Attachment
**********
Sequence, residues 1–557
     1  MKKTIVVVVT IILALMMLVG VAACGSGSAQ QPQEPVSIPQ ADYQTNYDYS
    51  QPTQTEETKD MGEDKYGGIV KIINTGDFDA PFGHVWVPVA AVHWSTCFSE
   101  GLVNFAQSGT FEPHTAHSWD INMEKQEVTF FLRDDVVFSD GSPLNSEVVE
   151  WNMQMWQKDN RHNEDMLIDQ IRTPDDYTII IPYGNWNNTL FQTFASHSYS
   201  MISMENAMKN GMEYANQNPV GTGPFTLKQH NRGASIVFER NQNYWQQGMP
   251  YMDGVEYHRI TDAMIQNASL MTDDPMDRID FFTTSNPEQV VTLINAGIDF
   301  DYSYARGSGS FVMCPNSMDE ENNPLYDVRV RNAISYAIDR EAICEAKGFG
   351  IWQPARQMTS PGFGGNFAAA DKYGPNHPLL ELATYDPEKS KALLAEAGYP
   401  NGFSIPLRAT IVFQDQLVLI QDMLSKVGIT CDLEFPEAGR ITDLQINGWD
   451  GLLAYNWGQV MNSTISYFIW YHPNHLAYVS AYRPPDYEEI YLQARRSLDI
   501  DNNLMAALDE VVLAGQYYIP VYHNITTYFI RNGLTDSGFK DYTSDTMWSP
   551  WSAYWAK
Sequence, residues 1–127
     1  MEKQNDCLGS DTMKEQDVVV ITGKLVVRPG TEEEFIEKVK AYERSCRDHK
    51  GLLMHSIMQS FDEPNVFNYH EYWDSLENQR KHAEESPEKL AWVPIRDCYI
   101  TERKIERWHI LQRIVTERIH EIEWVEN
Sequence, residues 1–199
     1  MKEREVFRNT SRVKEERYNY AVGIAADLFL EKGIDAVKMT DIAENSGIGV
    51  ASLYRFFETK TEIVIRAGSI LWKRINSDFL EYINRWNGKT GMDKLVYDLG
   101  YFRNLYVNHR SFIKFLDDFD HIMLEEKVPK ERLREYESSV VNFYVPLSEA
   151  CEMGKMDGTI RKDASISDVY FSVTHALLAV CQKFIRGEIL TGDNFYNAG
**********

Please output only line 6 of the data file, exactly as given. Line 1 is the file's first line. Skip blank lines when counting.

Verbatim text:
   201  MISMENAMKN GMEYANQNPV GTGPFTLKQH NRGASIVFER NQNYWQQGMP